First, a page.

Alagiah, who is also currently fighting his second bout of bowel cancer, revealed his diagnosis to BBC News having not been on-air in recent weeks.
He said that he has had a mild dose of the illness, which has so far killed a total of 1,789 people in the UK, and is now working towards recovery. Alagiah added that his experience with cancer has strengthened his response to the virus.
“If I can live with cancer, I can certainly live with Covid-19,” he told the BBC. “I don’t want to trivialize because I seem to have had a mild dose, but actually, the very fact that we are living with cancer I think gives us an edge.
“We’ve confronted those difficult, dark moments in our life. And in some ways, I think that we, those of us living with cancer, are stronger because we kind of know what it is like to go into something where the outcomes are uncertain.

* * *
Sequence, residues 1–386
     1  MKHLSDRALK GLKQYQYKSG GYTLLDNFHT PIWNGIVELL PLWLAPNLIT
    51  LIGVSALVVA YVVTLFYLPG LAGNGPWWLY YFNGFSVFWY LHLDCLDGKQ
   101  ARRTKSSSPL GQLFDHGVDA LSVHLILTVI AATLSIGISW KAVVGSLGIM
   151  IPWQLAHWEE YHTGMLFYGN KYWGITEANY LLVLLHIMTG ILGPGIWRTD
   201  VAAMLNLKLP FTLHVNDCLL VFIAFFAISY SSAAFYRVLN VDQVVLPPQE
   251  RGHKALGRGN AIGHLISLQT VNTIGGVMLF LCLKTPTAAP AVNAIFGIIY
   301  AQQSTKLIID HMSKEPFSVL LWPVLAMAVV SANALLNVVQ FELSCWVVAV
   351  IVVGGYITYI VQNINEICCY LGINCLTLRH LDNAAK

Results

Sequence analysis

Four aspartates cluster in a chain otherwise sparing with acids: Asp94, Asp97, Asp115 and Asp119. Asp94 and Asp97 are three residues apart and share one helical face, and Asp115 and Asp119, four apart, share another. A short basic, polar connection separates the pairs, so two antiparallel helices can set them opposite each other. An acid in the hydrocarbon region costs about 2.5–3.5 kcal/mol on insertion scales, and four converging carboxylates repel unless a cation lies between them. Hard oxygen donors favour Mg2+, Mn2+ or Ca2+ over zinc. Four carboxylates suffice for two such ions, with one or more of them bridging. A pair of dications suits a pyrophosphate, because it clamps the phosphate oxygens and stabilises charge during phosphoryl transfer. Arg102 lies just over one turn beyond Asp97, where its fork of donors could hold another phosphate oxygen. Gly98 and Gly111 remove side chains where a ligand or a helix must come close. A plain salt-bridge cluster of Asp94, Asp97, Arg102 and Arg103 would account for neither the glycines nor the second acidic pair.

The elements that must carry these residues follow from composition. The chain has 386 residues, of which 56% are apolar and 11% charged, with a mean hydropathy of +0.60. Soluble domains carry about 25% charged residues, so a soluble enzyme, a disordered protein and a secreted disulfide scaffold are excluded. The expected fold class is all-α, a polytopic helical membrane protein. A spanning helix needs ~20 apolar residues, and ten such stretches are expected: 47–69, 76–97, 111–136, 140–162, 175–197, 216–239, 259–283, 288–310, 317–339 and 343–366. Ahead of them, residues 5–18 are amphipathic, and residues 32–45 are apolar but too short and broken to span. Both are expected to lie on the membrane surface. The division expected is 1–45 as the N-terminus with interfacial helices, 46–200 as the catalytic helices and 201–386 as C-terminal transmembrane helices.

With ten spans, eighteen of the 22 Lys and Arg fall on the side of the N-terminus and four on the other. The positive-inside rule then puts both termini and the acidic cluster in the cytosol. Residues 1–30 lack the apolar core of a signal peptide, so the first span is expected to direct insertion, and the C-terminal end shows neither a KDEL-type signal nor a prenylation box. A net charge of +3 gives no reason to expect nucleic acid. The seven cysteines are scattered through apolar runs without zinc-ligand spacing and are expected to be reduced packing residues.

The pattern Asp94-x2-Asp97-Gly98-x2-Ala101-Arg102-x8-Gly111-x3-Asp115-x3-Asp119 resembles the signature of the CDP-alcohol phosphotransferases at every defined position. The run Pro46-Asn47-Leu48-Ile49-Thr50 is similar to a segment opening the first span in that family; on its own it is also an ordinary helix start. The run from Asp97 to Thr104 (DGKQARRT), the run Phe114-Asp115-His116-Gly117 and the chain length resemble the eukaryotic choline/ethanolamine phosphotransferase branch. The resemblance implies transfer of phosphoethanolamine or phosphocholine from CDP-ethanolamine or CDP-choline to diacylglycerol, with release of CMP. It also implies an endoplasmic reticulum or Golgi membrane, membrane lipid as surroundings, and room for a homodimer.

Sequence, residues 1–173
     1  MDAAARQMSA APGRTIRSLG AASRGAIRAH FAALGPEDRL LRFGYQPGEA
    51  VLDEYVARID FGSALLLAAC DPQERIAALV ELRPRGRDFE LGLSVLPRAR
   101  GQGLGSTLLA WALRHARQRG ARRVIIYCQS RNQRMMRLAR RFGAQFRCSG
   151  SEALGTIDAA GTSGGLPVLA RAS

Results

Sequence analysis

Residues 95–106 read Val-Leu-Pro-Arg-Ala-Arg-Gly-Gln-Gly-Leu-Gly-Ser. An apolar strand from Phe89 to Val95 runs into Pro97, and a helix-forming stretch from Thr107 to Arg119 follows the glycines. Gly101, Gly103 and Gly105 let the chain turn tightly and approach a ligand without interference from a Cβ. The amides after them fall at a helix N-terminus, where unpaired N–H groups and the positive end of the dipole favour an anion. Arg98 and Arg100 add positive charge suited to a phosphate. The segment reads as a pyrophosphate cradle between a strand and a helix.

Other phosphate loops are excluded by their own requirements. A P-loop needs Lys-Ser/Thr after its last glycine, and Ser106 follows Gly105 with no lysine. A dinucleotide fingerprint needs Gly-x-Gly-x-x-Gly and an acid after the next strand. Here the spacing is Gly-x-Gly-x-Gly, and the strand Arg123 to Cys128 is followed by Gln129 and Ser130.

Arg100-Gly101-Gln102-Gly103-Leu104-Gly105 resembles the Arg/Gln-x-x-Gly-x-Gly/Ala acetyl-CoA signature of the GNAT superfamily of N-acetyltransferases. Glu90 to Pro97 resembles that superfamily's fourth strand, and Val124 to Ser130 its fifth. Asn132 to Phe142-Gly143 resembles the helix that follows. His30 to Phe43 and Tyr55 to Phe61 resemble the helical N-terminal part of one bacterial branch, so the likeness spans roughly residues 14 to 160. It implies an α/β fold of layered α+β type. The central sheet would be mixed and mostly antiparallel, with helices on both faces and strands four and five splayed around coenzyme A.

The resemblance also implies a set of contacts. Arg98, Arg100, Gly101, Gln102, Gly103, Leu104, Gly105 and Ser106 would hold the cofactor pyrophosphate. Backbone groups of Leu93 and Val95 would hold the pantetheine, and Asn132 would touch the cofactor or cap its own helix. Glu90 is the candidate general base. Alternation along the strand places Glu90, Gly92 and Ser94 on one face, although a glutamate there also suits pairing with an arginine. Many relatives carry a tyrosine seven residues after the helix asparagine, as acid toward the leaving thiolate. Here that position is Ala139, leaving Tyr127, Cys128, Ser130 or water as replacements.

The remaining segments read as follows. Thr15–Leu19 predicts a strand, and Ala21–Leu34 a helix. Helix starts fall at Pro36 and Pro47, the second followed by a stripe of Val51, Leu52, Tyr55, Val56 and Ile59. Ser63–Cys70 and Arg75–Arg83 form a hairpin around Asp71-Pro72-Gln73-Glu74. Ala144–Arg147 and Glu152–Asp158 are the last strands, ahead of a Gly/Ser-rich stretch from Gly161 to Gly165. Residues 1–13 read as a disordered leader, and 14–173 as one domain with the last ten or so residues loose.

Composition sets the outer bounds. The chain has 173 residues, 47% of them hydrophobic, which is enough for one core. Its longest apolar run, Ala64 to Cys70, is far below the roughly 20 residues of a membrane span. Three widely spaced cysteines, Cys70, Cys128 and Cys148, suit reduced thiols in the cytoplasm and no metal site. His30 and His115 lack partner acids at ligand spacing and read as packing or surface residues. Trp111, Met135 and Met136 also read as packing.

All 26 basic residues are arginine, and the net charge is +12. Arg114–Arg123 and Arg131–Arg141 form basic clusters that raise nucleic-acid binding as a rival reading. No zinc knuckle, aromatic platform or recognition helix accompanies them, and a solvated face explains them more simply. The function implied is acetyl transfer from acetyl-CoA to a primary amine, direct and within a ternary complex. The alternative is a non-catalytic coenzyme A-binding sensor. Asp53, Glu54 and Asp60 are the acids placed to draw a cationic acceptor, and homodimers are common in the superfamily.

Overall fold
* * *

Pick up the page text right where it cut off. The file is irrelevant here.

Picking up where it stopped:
“And I certainly feel that having had that experience, in my case six years as a cancer patient, I went into this feeling actually quite strong.”
Alagiah was first diagnosed with bowel cancer in 2014 and it returned in 2017. He has presented BBC News At Six this year in between rounds of treatment for the condition.
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